It is more than five years since harmonised health and safety legislation was introduced across Australia with the exception of Victoria and West Australia. In other jurisdictions a variant of Safe Work Australia’s model legislation came into effect on the first of January 2012. It has subsequently been updated with the most recent version released in late 2016. It is supported by Model Regulations.
That is not to say it was implemented verbatim anywhere – subtle differences exist in each state and territory. For example, in New South Wales, Tasmania and Queensland, the words “reasonably practicable” were included to qualify the definition of duties. Queensland and South Australia applied the legislation’s duties of care and protections to volunteers while the ACT applied them to site visitors.
Safe Work Australia (SWA) is not an enforcement agency and each state retains responsibility for enforcing legislation.
In late 2014, the process of harmonisation was commenced in WA, though this process is still incomplete and a modified form of the model legislation is likely to be adopted. West Australia’s objections included union right of entry, penalty levels and the reverse onus of proof for discrimination matters.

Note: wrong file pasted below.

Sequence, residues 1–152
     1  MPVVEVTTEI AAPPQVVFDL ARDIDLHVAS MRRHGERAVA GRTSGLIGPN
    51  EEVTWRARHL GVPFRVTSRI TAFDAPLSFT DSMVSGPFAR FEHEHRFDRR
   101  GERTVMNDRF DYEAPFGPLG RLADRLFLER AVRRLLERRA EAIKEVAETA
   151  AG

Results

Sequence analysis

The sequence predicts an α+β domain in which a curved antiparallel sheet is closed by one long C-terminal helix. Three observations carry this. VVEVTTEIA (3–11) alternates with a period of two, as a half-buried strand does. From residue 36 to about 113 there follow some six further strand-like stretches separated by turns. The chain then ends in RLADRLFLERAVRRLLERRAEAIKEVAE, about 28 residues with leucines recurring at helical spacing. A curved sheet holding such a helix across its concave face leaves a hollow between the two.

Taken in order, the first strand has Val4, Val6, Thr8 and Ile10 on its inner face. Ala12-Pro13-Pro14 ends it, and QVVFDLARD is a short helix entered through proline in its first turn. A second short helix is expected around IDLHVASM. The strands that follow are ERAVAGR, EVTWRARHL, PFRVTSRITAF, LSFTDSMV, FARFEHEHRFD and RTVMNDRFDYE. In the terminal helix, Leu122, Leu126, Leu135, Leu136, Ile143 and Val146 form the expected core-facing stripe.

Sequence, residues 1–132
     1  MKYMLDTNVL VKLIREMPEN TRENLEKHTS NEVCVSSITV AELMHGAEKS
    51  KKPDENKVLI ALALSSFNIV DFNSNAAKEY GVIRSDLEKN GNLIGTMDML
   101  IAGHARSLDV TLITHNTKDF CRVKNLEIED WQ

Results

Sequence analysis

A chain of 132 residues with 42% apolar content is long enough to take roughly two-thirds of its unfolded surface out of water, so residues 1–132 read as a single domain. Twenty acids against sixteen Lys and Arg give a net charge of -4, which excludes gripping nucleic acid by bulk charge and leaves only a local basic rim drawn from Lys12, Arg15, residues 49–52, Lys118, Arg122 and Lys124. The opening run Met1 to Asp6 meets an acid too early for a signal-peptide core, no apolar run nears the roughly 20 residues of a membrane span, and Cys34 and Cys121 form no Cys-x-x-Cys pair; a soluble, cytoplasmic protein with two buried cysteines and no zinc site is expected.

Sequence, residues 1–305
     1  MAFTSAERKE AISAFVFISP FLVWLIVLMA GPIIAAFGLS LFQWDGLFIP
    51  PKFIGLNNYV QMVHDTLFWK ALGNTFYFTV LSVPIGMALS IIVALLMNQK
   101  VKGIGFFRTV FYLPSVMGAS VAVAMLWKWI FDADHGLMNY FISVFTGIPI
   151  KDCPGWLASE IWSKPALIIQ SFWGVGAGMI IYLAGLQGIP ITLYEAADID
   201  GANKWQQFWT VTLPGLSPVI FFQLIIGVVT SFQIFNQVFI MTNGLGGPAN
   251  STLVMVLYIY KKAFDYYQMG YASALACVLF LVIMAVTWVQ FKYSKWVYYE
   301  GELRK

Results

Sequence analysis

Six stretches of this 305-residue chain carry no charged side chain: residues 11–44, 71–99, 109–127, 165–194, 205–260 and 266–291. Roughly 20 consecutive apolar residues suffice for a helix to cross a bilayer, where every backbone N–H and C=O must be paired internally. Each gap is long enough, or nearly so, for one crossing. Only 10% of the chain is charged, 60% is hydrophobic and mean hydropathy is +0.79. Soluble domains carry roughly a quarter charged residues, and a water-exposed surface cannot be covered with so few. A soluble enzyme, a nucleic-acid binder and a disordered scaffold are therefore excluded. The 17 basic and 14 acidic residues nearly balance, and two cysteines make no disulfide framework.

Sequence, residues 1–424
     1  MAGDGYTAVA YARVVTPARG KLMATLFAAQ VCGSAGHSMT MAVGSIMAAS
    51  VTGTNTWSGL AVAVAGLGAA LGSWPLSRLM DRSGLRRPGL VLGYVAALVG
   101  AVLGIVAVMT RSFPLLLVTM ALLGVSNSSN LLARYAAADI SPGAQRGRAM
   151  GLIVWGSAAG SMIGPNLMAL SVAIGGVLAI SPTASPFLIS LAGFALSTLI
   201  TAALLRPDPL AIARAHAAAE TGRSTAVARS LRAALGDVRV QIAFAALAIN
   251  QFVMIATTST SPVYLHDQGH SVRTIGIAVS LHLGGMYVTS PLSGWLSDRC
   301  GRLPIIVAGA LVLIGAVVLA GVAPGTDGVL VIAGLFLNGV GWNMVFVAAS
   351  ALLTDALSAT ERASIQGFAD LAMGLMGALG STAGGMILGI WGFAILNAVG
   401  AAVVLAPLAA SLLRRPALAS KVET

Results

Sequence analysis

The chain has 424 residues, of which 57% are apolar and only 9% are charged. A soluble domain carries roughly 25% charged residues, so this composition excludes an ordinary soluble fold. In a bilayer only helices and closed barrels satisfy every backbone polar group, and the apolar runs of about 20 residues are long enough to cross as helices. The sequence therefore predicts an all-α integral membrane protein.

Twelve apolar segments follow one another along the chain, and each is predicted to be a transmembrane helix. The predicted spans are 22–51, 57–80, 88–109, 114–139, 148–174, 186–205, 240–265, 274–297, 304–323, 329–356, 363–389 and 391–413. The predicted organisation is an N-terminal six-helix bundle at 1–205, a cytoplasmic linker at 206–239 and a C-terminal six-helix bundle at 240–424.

The Victorian Government has stated that it will not adopt the national model workplace health and safety laws in their current form as it is of the view that it is less stringent than Victoria’s current legislation, the Occupational Health and Safety Act, 2004 . Injury claims statistics would appear to provide some support for this position – Victoria is second only to NSW in number of serious accidents per capita and boasts the lowest injury claim cost per employee in Australia.
Victoria’s position has received criticism for the added complexity in compliance for employers in multiple jurisdictions.
Meanwhile, Victoria’s regulator (Worksafe Victoria) has recently released new regulations in regards to workplace safety and has issued a guide to assist with compliance. It has indicated that the new rules will improve standards while reducing red tape. Key changes relate to notification of homeowners of asbestos removal work and certain changes to high risk work licenses. Other changes impact hazardous facilities including mines and construction sites.